Today’s Top Story

Study Assesses Birth Outcomes for Women After THR

Women who give birth after total hip replacement (THR) may be more likely to experience adverse outcomes, according to a cohort study published in the July issue of the European Journal of Obstetrics & Gynecology and Reproductive Biology. Researchers gathered nationwide registry data in Finland on women who underwent THR between 1980 and 2007 (patient group; n = 2,429) and each patient was matched to three women who did not undergo THR (control group; n = 7,276). The patient group was more likely to experience a stillbirth compared to the control group (2 percent versus 0.6 percent) and more likely to require emergency cesarean section (28.9 percent versus 11.6 percent). Infants born to mothers in the patient group were more likely to be born preterm, be small for their gestational age, and have low birthweight. Women who gave birth after THR were more likely to have adverse outcomes than women who underwent THR after giving birth.

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Other News

Study: TKA Safe, Beneficial for Older Patients

Older patients undergoing total knee arthroplasty (TKA) have similar outcomes compared to younger patients, according to a retrospective study published online in The Journal of Arthroplasty. A total of 644 TKA patients aged > 80 years were matched to a cohort deemed average age. Both cohorts had low revision rates and similar 10-year implant survivorship and surgical complications. The older patient group had higher mortality and general complication rates. At final follow-up, patient-reported outcomes were 4 percent lower in the older group.

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Study Evaluates Efficacy of Dextrose in Failed Back Surgery Syndrome

Patients with failed back surgery syndrome (FBSS) could experience an improvement in symptoms with dextrose injections, according to a consecutive case series published online in the European Spine Journal. The study involved 79 patients with FBSS for at least six months and did not respond to conservative treatment for three months. Patients received prolotherapy injections in posterior and lateral approaches. The visual analog scale (VAS) and Oswestry Disability Index (ODI) were used to evaluate patients pre- and postoperatively. VAS and ODI significantly improved after dextrose injections.

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Study Compares Operative Fracture Care Rates in Medicaid Versus Otherwise-insured Patients

According to a retrospective study published in the June issue of the Journal of Orthopaedic Trauma, fewer hospitals in four large states provide operative fracture care to Medicaid patients than to patients with other types of insurance. A total of 240,376 patients underwent open reduction and internal fixation of the radius/ulna, tibia/fibula, or humerus at 1,075 hospitals in California, Florida, New York, and Texas. Outcomes varied based on emergent status. In nonemergent settings, between 7 percent and 16 percent fewer hospitals treated Medicaid patients compared to otherwise-insured patients. In emergent settings, the only state with a gap greater than 5 percent was Texas (11 percent to 14 percent). Medicaid and Medicare patients also traveled longer distances in the nonemergent setting compared to those in the emergent setting.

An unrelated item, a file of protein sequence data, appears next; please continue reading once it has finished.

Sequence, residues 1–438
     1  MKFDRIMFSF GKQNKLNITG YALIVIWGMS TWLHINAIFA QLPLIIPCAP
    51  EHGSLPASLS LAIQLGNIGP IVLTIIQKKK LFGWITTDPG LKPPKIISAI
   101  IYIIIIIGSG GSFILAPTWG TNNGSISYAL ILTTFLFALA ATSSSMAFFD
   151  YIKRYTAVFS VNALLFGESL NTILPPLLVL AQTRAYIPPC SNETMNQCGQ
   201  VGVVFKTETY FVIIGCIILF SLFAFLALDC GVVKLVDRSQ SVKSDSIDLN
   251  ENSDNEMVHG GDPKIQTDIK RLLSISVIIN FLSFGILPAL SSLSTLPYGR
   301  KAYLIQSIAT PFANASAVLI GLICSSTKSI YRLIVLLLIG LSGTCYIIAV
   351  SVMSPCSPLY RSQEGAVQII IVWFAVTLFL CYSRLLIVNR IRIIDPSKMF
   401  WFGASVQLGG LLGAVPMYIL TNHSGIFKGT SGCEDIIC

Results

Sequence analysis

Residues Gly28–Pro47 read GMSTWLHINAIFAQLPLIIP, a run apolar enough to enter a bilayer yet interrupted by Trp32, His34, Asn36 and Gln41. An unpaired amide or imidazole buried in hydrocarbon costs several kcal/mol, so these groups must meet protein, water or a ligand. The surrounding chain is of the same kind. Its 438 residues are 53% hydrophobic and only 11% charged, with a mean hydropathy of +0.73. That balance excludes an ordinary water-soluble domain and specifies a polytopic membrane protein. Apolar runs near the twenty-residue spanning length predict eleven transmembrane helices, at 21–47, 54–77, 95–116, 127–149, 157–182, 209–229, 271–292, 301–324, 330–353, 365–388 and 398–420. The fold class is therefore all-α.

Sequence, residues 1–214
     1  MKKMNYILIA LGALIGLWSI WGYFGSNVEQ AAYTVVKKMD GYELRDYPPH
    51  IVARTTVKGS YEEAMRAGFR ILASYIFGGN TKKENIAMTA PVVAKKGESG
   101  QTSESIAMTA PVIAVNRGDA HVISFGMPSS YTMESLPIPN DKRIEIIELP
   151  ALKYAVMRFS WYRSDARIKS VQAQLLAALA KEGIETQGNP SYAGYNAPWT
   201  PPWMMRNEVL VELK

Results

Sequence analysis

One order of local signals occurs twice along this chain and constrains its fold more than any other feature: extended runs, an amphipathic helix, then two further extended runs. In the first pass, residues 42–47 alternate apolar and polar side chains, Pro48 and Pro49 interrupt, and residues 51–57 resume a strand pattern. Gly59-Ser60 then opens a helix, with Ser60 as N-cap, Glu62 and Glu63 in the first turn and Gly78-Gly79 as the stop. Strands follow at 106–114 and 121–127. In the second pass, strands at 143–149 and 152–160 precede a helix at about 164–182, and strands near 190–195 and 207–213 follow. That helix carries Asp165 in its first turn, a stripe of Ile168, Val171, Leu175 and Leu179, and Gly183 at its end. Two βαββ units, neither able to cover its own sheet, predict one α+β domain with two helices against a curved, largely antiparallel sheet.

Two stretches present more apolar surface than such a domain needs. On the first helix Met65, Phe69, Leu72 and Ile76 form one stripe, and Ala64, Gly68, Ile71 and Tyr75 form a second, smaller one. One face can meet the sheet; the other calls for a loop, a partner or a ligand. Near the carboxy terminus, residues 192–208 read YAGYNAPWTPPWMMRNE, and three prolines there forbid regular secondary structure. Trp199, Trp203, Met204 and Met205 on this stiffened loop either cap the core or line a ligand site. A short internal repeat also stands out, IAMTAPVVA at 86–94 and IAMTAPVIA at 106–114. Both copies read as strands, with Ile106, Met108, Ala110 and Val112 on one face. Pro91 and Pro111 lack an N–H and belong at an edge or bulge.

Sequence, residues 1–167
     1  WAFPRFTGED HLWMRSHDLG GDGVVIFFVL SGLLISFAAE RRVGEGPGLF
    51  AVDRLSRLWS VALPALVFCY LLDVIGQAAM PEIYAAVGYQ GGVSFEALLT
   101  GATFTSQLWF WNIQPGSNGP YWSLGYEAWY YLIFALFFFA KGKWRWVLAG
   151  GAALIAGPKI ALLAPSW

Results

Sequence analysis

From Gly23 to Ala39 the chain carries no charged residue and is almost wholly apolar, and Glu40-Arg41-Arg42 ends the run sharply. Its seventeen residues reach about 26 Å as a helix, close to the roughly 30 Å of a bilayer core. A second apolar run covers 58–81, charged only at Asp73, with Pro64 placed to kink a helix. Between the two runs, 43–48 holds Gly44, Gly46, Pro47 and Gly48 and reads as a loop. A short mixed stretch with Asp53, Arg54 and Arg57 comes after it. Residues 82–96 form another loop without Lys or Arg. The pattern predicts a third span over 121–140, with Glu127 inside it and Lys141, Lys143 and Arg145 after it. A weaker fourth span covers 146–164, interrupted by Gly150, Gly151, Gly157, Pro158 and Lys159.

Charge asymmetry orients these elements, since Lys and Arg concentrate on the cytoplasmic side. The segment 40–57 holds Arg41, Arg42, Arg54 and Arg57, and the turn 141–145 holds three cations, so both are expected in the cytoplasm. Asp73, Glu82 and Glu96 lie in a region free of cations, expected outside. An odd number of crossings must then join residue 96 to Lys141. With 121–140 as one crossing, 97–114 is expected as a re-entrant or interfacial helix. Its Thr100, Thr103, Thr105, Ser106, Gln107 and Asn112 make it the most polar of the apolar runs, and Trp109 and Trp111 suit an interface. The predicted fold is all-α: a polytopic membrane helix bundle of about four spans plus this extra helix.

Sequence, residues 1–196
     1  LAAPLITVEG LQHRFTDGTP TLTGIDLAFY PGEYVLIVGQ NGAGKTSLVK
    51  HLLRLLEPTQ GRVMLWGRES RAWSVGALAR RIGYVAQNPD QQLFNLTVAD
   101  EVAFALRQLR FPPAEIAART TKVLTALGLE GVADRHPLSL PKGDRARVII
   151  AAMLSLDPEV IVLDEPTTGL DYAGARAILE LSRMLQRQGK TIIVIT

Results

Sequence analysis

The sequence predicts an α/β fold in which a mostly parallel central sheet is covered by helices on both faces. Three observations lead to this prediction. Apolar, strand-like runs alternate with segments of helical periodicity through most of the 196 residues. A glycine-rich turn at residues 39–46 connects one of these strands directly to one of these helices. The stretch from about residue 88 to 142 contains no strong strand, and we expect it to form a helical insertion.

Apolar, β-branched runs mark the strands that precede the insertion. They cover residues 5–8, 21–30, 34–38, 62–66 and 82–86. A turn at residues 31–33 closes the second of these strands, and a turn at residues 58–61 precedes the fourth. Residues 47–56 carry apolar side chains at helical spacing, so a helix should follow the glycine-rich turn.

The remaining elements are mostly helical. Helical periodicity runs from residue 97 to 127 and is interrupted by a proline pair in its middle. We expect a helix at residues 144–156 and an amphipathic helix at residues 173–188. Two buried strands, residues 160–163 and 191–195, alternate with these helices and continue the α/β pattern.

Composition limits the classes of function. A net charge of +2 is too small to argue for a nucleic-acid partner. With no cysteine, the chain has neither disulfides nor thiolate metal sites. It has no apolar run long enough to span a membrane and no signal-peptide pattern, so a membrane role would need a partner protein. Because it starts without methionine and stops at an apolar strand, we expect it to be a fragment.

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Prices Predicted to Drive up 2020 Medical Costs

According to a report from PricewaterHouse’s Health Research Institute (HRI), medical costs are expected to increase by 6 percent in 2020—an increase from the 5.7 percent increase observed in 2018 and 2019. The HRI report attributes the forecasted increase to rising medical prices, which are outpacing general inflation. Healthcare inflators include drug spending, chronic diseases, and mental health.

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Is Anatomic TSA Still a Good Treatment Option for Instability Arthropathy After a Coracoid Transfer?

Some in the medical community have expressed concern about performing total shoulder arthroplasty (TSA) for instability arthropathy in patients who have undergone a prior coracoid transfer procedure, due to the distorted anatomy, scarring, and concerns about early failure or poor outcomes. Some have advocated for reverse TSA in all such patients; however, researchers recently compared outcomes for patients who underwent TSA after coracoid transfer versus patients who had TSA for primary osteoarthritis and found no significant differences in outcomes. The study compared anatomic TSA patients with prior coracoid transfer to patients who underwent anatomic TSA for primary osteoarthritis. At final follow-up, both groups had significant improvements in American Shoulder and Elbow Surgeons score and reported high satisfaction.

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Apply for the Committee on Evidence-based Quality and Value Open Positions

The Committee on Evidence-based Quality and Value (EBQV) has three open positions: EBQV chair, EBQV clinical practice guideline (CPG) section leader, and EBQV resident member. These three positions are all two-year terms that run from March 30, 2020, through March 25, 2022. Committee members plan, organize, direct, and evaluate evidence-based initiatives, including CPGs, appropriate use criteria, systematic reviews, and performance measures, as well as oversee related education, dissemination, validation, and implementation activities. Applicants should have experience with evidence-based practice principles. The application deadline is Aug. 8.

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